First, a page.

In a week that saw the ascension of a new Prime Minister as well as a new King, the appointment of Graham Potter as the new Chelsea head coach understandably flew under the radar a bit. And by a bit I mean it wasn’t even in the same airspace, literally.
But football’s disappearing act and self-imposed vow of silence ended on Monday, and that included Chelsea TV’s first interview with the new man in charge — our 30th (at least; not including all the interim men) of The Queen’s 70-year-long reign,
That legacy of frequent managerial changes is not the one Potter’s looking at however. Instead, he’s seeing the legends, the trophies, the football heritage of winning. And that’s what he’s looking to continue with the owners’ blessing and support.
“It’s the start of a really exciting period. New ownership, who I was really really excited with and impressed by, firstly as people and their vision for the club, what they wanted to do. Of course the history of the club speaks for itself, but it’s [also] about creating that in our own way
“[Personally] it’s nice to be able to take the next step. [...] You see the pictures, you see the trophies, you see the names, it’s incredible. And It’s a huge honor to be a part of that now.
It’s often helpful to look at a coach’s job history to try to glean some insight and set some expectations, even if they may unveil some radically new approach never used before (like Tuchel did a year and a half ago).
But Potter’s focus appears to be on man-management. While every new head coach espouses that quality to some extent, Potter has had several unique experiences to help hone those strategies. He’s even acquired a real degree from a real university, getting his Master’s in “Leadership and Emotional Intelligence” from Leeds Metropolitan University, which learnings he’s since applied to his job. Sounds impressive!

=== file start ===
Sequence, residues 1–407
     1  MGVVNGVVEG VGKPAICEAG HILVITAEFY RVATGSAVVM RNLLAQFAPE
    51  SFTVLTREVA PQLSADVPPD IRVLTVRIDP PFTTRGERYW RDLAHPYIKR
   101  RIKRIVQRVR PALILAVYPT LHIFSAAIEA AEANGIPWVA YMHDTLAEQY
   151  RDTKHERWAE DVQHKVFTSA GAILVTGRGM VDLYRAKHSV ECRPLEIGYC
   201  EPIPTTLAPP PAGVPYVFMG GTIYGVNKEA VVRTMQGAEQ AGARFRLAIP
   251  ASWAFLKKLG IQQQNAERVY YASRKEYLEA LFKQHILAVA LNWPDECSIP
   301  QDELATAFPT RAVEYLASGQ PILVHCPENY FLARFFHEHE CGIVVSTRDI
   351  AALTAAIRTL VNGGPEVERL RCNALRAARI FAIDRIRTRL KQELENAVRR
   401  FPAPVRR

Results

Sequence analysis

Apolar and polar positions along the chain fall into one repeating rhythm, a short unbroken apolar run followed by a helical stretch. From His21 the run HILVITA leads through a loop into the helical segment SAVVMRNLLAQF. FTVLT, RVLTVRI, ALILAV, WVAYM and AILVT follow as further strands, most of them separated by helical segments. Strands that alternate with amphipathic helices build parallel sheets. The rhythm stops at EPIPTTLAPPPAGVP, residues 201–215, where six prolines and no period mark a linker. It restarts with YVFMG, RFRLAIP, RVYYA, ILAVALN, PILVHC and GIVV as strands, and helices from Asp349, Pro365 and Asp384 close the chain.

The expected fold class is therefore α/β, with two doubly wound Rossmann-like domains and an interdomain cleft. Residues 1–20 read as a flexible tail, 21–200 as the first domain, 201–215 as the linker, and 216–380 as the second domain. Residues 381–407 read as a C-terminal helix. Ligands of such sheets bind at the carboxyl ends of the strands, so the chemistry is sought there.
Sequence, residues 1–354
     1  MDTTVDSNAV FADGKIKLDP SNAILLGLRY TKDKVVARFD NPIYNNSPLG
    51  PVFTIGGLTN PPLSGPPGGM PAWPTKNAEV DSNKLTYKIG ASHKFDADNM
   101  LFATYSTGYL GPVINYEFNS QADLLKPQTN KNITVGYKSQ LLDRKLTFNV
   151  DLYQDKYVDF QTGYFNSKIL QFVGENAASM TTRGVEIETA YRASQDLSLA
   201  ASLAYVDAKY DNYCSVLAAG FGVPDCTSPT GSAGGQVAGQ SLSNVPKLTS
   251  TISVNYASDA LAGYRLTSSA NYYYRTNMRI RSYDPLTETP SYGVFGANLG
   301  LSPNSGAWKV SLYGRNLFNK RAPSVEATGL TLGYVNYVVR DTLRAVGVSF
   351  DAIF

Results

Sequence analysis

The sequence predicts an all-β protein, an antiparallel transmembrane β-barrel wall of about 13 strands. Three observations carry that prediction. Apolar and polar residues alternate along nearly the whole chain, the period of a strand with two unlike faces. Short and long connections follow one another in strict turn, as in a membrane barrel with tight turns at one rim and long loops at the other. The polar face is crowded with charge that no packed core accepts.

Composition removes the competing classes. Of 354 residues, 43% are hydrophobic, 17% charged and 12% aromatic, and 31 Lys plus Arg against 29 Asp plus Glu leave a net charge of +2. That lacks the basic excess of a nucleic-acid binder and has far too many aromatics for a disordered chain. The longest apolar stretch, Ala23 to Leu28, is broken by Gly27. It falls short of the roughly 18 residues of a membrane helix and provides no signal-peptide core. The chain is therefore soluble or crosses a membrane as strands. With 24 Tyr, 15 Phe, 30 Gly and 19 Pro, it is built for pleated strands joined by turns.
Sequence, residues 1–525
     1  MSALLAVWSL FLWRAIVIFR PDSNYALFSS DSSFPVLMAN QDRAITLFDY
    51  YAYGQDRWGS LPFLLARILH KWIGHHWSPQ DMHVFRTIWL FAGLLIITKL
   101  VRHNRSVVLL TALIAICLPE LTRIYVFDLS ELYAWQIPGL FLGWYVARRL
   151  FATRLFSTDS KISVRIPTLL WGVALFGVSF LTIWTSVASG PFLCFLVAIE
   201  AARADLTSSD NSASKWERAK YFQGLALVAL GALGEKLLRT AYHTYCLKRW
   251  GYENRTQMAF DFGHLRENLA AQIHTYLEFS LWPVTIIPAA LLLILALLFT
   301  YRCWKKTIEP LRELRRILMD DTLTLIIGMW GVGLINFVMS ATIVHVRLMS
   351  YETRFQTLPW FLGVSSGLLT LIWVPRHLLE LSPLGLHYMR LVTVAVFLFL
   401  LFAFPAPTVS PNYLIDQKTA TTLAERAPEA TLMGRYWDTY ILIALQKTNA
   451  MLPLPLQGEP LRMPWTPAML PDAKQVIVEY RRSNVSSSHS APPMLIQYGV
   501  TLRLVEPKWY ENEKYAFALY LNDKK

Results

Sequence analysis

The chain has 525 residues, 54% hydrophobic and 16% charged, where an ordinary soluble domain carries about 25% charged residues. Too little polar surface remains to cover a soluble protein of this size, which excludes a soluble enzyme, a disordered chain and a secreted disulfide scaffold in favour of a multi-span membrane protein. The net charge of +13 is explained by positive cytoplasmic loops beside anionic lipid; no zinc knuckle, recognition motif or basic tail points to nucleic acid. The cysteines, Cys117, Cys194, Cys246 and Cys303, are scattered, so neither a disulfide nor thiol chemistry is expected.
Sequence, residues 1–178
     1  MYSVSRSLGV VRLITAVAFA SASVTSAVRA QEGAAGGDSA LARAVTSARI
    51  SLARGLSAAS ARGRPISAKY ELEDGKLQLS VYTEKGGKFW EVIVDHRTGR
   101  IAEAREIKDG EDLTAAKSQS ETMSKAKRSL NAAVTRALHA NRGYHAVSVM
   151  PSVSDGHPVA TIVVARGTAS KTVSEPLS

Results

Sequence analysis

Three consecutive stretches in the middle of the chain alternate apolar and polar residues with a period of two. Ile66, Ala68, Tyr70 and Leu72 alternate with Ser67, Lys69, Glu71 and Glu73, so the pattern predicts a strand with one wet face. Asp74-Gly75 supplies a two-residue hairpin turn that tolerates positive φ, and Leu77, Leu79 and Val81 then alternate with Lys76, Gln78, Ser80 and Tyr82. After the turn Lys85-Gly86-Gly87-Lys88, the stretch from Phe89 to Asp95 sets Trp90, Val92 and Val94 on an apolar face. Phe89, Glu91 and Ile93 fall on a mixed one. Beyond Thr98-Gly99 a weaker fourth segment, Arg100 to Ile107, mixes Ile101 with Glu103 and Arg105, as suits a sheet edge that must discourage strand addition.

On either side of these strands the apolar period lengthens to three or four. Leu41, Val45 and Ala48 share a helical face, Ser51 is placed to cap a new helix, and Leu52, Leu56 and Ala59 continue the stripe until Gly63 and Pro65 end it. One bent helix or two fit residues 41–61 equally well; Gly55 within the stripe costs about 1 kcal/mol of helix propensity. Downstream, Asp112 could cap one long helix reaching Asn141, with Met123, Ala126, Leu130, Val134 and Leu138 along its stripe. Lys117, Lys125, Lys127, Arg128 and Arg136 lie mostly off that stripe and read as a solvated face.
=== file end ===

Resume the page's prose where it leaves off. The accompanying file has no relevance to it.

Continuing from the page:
“I like players to enjoy their football. That’s really important, that you can create a team where the players actually enjoy playing.
“[We] like to play in a balanced way, in an attacking way, with good structure but ultimately players have to feel free to make decisions, to express themselves, to be positive, to play with pride and enthusiasm [...] Now it’s about winning, it’s about creating a team that competes, that has respect for each another, that is honest and works together, so it is a combination of football and human values.
“I think you have to understand they are human beings first, and the key thing is to try and understand them, understand what motivates them, and understand what they are like as people and then try to come to some common ground, try to build relationships, try to communicate effectively on a daily basis, and build respect, build trust, build honesty.”
That said, it’s undoubtedly a massive challenge for Potter and big vote of confidence from the new owners that he is indeed our guy. If this works out, this could be the start of something amazing and beautiful and maybe even long-term. If not, we could all be in for some ridicule.
But stepping outside your comfort zone is an important life-skill. Sink or swim. Glory or ignominy. Our destiny is in our hands.
And Potter knows that all the fancy words won’t do any good if the results don’t improve.
“I always think that in order to get better, you have to take a little step outside of what’s comfortable, and our job as coaches is to provide the players the opportunity to do that. Everybody wants to improve, everybody wants to compete, everybody wants to be part of something, and I think our job is to create an environment where that’s possible.”
“[The] Premier League is the toughest league in the world [but if] you want to convince people you’re on the right path, it’s [all about] winning.”
-Graham Potter; source: Chelsea TV
Welcome, GP! Let’s win some things then!